Rock Rewind: The Guitar-Driven Sound Of David Wilcox

David Wilcox is a Canadian rock musician known for his distinctive guitar skills, thoughtful (and […]

David Wilcox is a Canadian rock musician known for his distinctive guitar skills, thoughtful (and often time humorous) lyrics, and smooth baritone voice. This year he will be performing at the Rock 95 Birthday Bash, along with Sloan and Finger Eleven.

For many, his music resonates as a timeless soundtrack that has accompanied them through various chapters of life. 

Born on July 13, 1949, in Montreal, Wilcox has carved out a lasting legacy in the world of rock music. Let’s rewind the clock and explore the journey of this legendary artist.

Early Days and Musical Roots

Wilcox’s love of music began at an early age. By the age of 6, he was already finding inspiration in artists like Elvis Presley.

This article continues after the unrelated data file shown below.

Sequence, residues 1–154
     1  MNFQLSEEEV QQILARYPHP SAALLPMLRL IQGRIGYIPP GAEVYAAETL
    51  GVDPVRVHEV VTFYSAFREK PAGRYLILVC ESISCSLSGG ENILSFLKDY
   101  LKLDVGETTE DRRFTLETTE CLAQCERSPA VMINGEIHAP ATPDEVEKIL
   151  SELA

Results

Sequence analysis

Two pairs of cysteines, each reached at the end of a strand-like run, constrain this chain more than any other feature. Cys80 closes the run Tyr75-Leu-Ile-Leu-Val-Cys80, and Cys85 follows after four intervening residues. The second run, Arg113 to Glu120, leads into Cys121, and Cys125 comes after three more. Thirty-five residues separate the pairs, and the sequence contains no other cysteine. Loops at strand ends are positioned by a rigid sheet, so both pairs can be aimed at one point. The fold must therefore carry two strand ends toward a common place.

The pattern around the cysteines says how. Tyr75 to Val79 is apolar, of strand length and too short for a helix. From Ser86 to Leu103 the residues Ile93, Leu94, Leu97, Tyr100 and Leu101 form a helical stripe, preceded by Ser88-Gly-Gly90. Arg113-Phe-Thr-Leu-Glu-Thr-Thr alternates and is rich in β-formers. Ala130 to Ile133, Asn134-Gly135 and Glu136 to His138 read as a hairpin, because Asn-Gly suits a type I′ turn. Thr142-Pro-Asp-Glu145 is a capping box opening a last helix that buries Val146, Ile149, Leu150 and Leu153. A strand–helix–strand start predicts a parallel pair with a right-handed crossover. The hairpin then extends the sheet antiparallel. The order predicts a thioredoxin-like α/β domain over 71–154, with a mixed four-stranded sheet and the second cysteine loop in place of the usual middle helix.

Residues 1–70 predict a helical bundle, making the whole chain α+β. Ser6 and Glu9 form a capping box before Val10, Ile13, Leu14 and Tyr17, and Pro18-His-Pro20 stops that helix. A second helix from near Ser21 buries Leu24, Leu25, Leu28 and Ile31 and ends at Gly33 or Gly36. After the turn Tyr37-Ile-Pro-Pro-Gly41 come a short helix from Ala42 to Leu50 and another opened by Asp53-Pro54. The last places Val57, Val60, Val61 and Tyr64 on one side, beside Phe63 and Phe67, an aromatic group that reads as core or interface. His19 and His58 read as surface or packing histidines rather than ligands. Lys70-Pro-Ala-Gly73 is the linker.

In an interview, Wilcox shares, “ I’m old enough to have remembered when Elvis came out and he really impressed me deeply.  I thought he was fantastic. The girls liked him and what did Elvis have?  A guitar. (laughs) So I got one. And then after that, everything from Buddy Holly to The Beatles really impressed me too. And then I liked the blues guys like Robert Johnson and Blind Lemon.  So, a wide variety.”

At 7, he had started playing guitar and when he was 14, he performed his first live show to a room of ex-convicts. According to Wilcox’s recollections, the audience wasn’t overly impressed …

“It was pretty funky. I remember they threw chairs at us and stuff like that. ‘Donna’, by Richie Valens, that was our big number back then,” Wilcox recalled in an interview.

His dedication to the guitar led him to explore various musical styles, with a particular fondness for blues and rock.

In 1970, David Wilcox started performing with Ian and Sylvia Tyson as part of their band, Great Speckled Bird, on the Ian Tyson Show. The band performed backup for many artists including Anne Murray, Carl Perkins, Charlie Rich, John Paul Jones, and more.